by Rich Klein
The other day I was looking at an online message board and there was a thread about a very early issue of Beckett Baseball in which there was a photo spread featuring Roberto Clemente cards. The person who authored the thread was showing the difference in pricing between 1985 and today but my memory went more towards remembering how Clemente was Dr. Jim Beckett's favorite player growing up. And whenever you have a favorite player and publish a magazine you can use that venue to honor said player. That is why the very first issue of Beckett baseball featured two players on the front cover (Dale Murphy and Roberto Clemente).
Seeing that spread about Clemente also reminded me about one of my favorite Jim Beckett memories. Even when I was a dealer I would see Dr. Beckett quite frequently in the New York metropolitan area as he usually combined attending the large Gloria Rothstein shows to go with trips to visit with Random House (which was publishing the House of Collectibles series) as well as other meetings he would have in the area. That continued for several years after I moved to Texas so there would be quite a few shows we would both attend.
At one show, circa 1992, there was an old unopened box for sale which contained a Clemente item from his playing days that Dr. Beckett had never seen. I brought him over to the box and I'll never forget how excited (and a bit nervous) he was at finding it and being able to own another item from his youth. I'm glad to say that we did catalog that item in the Beckett database and I presume Jim still owns it today.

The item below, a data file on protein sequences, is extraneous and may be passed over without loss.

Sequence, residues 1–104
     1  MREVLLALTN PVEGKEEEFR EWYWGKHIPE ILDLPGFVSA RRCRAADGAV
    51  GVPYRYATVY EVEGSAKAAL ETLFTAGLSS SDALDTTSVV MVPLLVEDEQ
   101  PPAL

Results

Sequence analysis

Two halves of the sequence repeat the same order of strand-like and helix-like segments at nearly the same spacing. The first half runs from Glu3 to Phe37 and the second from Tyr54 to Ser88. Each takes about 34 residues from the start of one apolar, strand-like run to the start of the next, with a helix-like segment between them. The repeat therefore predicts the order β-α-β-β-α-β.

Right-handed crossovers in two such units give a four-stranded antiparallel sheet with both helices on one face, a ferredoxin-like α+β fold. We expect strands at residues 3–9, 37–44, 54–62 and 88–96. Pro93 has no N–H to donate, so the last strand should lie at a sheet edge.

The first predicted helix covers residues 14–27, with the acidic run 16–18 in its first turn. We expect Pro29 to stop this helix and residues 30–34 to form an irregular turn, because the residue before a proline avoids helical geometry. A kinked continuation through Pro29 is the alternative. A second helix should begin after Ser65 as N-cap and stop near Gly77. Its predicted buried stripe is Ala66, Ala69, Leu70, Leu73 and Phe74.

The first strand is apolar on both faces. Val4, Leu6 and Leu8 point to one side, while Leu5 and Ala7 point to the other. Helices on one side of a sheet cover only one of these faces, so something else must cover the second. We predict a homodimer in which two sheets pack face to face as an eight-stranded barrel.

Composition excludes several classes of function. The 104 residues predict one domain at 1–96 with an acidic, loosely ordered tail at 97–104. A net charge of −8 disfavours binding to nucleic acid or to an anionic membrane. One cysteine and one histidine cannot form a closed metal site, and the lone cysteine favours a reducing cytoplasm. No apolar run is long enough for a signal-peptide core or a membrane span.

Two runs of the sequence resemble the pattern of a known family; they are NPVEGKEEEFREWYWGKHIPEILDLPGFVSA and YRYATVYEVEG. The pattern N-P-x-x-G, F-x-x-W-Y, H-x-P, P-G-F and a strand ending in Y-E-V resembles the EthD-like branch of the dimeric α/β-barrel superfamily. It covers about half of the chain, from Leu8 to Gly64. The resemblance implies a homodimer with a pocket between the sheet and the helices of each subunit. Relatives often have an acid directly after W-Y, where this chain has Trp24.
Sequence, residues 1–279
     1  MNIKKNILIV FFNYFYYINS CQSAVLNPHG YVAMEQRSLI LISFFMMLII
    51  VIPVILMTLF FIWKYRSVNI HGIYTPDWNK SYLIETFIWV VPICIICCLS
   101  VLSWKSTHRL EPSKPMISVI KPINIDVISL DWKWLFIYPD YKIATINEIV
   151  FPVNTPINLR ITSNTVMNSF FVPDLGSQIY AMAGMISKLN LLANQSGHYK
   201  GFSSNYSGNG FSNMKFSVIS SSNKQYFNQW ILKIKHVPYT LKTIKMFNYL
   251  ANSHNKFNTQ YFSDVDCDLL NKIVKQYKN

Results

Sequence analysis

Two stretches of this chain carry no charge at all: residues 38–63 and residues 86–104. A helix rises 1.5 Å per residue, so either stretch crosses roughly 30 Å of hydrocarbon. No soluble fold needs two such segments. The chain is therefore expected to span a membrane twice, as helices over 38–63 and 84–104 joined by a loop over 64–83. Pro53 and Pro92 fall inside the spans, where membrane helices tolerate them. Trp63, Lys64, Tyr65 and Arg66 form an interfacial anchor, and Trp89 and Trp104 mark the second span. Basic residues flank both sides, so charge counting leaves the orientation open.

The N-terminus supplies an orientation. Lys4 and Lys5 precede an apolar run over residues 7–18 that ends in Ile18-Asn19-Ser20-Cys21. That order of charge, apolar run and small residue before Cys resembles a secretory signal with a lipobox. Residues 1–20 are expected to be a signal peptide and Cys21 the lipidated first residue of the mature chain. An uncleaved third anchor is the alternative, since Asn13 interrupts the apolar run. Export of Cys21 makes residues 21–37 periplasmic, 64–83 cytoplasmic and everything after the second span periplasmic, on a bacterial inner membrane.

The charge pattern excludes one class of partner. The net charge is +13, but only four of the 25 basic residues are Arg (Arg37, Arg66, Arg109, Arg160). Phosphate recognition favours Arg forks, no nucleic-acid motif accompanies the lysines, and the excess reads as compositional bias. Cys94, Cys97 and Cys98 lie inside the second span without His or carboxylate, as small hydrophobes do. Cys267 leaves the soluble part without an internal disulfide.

Sometimes your favorite player is not a Hall of Famer or a future Hall of Famer. For example, Beckett Media’s Chris Olds makes no bones about Nick Swisher being his favorite and he is so into collecting Swisher material that he even collects tough items of Nick’s dad, Steve Swisher, the Cubs catcher of the 1970's. I was shocked to see that even with a career average of .216, Steve was actually selected to an All-Star team. I would imagine his ultimate collectible would be the game jersey he wore while on the bench during the 1976 All-Star game. Of course, Nick Swisher has had a far better career and has a lot more really tough cards, many of which are in Chris’ collection.
Growing up, my two favorite players were Jimmy Wynn and Cesar Cedeno. Yes, I was an Astros fan early in life and even with some of the personal issues each player had, they were always high on my list. Both players, with just a bit of difference in where they played and some other circumstances could have ended up in the Hall of Fame but instead they will always be remembered as simply above average players. The amazing thing is even with a limited budget today I could still build nice collections of these two guys as for the most part they, just as with Steve Swisher, avoided the parallel card era and are considered ‘commons’ by most.
We're always interested in stories about favorite players and the reasons why these are your favorite players so if you have any stories we'd love to feature them in a future Rich's Klein Ramblings.
And on a side note:
If you read the recent article in Sports Illustrated about Johnny Evers, there was mention of the famed Merkle ball from the 1908 pennant race. It was noted that Paul Reiferson had at one point owned the Merkle ball before selling it through a major hobby auction house. I remember Paul as a young man but I remember his dad Steve a lot more.
Steve still sets up a display at the National Convention and the best part of knowing him is that no matter where the show is, he always knows where the best deli/bakery near the show is and always brings in bagels, cakes or other goodies. I remember in my early Beckett days when Wanda Marcus was still promoting large shows in Arlington, Texas I said I would bring in the bagels on Sunday morning since the best place for bagels was on my way to the show and it would be nice to take care of my old dealer friends. Steve had spent several months in the Dallas Fort Worth area and knew exactly where I had gotten the bagels from. I had made sure to get the bagels from the best Jewish-style deli in Dallas instead of a chain such as Einstein's Bagels.
Rich Klein can be reached at [email protected]